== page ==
AND CUNNING, AND WARNINGS AND ADVICE. 



76. A small income and much feasting. 



Alap arjjan bistar bhojan, 

Shei purushar daridrar lakhyan. 

A small income and much feasting, 
Are the signs of a man becoming poor. 

=ain income 5 T s F e l=:a mark or token. 



77. On trying to teach fools. 



Agiyanik giyan di manat palo kashta, 
Kanibor bhangi pelai baho karilo nashta. 

In trying to teach a senseless woman I was much troubled, 
So I threw down the eggs and destroyed the nest. 



78. Have nothing to do with three things. 



Ashatir shad giyan,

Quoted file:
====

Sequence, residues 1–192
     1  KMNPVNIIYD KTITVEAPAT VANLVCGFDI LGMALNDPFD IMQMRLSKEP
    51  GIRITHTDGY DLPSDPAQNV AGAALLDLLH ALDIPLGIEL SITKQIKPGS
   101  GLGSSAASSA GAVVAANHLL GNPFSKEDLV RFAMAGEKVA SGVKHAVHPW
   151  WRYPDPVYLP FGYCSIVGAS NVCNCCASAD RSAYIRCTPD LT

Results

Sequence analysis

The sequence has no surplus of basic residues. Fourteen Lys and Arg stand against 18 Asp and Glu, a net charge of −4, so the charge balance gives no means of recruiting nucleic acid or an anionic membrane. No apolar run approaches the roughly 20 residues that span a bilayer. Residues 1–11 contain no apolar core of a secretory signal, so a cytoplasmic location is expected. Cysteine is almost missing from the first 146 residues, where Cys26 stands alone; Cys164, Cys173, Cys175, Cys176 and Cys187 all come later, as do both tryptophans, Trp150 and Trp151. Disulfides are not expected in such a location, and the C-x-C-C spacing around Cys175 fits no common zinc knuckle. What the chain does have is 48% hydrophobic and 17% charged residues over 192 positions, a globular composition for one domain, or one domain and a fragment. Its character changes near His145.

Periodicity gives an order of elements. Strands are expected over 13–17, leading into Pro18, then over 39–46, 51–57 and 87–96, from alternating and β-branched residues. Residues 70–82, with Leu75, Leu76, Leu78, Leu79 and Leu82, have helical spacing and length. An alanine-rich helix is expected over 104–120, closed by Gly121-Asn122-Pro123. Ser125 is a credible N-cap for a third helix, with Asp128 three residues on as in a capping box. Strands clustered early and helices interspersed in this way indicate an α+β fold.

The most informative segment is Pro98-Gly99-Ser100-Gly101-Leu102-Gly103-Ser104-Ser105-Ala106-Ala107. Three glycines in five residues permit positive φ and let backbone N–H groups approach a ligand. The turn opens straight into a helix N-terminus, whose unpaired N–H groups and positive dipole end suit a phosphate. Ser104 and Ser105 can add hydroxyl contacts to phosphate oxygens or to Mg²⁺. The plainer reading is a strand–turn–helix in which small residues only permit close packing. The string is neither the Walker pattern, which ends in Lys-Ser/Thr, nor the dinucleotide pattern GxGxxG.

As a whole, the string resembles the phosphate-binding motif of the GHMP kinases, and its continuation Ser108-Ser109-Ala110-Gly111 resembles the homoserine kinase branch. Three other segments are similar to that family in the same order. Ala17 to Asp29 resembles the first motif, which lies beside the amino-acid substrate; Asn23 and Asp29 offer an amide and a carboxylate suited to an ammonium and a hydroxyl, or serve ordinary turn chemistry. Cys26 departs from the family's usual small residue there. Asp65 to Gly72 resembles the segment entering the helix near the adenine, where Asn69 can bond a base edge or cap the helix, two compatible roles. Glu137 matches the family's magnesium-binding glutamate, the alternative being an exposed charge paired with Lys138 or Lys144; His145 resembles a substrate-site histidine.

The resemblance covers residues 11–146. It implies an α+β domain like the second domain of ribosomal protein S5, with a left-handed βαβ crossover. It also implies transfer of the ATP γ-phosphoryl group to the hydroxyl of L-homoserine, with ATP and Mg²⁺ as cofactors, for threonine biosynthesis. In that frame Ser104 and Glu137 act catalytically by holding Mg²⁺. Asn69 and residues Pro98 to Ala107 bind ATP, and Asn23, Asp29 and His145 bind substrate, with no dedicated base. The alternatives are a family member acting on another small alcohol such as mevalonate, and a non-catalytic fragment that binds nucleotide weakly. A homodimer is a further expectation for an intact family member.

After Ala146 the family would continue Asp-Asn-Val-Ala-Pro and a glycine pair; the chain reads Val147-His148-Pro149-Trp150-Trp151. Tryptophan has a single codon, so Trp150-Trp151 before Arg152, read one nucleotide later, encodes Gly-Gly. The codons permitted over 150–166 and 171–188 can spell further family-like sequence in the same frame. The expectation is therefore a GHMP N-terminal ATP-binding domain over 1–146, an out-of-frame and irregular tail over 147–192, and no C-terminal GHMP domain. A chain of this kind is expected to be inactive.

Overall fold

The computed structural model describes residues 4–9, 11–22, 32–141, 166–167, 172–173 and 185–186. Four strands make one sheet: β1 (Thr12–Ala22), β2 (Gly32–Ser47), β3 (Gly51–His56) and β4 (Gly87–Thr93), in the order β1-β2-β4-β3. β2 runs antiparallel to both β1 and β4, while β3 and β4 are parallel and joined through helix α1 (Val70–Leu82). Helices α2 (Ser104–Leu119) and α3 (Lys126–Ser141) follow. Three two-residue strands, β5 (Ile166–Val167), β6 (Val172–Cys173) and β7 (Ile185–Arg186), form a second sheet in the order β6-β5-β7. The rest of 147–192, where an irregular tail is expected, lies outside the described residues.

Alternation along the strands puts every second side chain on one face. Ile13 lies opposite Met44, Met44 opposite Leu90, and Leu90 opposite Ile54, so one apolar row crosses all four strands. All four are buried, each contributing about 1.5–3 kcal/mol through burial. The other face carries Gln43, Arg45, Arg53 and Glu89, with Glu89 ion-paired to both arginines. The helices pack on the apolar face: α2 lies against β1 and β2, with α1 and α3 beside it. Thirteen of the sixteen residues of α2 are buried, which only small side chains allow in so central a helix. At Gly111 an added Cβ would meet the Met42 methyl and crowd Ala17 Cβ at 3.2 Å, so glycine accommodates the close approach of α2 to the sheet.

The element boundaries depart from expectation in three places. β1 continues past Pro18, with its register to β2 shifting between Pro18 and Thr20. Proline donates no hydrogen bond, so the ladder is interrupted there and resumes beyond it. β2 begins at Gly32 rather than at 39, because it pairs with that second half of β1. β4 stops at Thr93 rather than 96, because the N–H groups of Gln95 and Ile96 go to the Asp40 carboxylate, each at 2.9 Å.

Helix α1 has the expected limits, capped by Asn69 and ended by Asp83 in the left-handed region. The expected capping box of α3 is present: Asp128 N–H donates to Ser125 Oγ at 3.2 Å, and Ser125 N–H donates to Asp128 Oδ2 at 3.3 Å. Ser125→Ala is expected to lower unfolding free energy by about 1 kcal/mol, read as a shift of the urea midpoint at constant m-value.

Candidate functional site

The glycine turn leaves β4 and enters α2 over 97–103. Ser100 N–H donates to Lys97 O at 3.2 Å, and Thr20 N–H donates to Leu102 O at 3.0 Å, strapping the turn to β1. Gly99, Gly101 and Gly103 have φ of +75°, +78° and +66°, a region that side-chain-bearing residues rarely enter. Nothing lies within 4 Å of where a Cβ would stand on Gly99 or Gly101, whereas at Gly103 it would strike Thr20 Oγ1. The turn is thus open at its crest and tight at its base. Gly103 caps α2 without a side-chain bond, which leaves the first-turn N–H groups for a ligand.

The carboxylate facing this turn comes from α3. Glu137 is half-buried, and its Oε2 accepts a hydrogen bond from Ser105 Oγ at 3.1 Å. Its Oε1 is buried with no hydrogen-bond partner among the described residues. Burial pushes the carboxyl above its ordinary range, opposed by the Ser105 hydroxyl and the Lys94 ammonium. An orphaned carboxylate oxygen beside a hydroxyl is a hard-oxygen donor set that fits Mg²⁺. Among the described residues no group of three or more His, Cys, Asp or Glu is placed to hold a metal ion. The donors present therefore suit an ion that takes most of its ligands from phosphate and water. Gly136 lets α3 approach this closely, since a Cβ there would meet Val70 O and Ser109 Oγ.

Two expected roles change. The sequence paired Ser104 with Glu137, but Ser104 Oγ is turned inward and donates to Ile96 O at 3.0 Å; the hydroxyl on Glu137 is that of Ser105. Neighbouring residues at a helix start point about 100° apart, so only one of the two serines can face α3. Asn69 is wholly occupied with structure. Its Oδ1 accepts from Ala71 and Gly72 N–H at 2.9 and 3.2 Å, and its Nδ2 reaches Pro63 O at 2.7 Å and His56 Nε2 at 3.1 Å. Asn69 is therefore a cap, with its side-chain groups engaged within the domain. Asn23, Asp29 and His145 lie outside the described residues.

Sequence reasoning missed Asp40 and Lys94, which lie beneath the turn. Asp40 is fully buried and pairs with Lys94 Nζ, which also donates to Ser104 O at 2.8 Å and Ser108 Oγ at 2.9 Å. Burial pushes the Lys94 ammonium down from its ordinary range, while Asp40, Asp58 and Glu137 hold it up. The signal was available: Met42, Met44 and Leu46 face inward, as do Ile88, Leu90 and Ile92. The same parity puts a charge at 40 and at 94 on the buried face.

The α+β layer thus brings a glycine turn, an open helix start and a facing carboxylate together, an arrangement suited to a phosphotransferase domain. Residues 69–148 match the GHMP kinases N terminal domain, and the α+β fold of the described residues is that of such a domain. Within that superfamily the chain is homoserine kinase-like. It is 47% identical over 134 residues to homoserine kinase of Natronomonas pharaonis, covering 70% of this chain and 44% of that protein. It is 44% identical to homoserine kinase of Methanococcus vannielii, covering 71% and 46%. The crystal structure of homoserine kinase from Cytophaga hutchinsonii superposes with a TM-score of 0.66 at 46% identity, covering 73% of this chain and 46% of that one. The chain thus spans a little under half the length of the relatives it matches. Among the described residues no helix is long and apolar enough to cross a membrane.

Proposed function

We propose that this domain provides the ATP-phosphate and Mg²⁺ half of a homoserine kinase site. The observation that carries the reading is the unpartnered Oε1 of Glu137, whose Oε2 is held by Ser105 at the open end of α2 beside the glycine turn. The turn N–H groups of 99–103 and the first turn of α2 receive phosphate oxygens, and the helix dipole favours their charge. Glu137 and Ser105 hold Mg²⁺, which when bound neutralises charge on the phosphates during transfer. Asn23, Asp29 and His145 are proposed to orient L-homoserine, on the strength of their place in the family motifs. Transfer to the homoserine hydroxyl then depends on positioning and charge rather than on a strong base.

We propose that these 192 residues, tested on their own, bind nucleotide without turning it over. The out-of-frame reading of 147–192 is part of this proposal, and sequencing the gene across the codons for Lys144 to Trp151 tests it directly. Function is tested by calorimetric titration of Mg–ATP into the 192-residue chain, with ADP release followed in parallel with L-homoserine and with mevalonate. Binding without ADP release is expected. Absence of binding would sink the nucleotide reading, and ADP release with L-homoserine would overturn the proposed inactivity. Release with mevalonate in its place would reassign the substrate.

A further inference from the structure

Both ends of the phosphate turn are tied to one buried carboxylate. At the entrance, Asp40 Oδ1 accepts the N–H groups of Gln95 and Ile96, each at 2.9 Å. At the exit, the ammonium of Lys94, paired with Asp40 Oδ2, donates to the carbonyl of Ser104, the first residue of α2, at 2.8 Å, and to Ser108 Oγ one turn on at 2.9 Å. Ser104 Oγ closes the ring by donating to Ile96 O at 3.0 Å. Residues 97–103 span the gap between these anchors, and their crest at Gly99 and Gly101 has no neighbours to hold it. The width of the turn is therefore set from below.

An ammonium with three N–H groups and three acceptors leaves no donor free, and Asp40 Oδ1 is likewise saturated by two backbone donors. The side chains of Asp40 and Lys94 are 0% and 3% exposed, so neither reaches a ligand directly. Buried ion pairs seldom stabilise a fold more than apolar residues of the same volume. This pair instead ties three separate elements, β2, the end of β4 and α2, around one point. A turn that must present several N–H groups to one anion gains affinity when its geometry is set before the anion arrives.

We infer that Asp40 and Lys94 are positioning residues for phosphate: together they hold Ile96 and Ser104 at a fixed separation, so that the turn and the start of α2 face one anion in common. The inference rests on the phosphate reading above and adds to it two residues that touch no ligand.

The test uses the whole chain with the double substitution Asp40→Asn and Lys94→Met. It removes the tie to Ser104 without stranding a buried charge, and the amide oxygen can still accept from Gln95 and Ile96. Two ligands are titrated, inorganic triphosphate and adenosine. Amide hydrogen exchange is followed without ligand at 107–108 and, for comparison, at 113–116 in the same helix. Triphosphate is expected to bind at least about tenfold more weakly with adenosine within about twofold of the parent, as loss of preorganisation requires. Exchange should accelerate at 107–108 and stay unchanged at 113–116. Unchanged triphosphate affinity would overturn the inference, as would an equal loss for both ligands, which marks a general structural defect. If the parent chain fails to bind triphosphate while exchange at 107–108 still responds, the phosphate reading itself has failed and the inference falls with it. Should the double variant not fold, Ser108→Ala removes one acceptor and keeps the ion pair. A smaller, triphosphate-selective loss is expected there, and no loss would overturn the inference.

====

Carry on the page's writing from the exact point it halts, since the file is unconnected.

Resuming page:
Garu chorar ganga snan, 
Beshya tirir ekadasi, 
Tinioro murat muta bahi. 

Have nothing to do with these three things : 

Honesty in an unchaste woman, 

A cattle-chief bathing in the Ganges, 

A harlot fasting on an ekadasf day. 



IMPOETTJNATE'S ANSWER GIVE A PQUTE ANSWER. 29 



79. The importunate 1 s answer. 



Apuni anicho magi, 
Tok dim kar hagi. 

I myself have got it by begging, 



80. Anticipating. 



Agei pakhi kate, 
Kei dinar nomal. 

He cuts the wings of the unfledged nestling beforehand. 
, literally the smallest of all. 



81. Times of affliction. 



Apadatoeo gal khajuwai. 
In times of affliction, even the " owtenga " tickles the throat. 

The u owtenga " is an acid fruit, which is much used by the 
Assamese for cooking with rice to make the latter tasty. 

cf. Wf* W c=rtCT^ CfTO ^ (^padat gar nomei dushman hoi.) 
In times of affliction, even the hair of one's body is an enemy. 



82. Give a polite answer. 



Tfa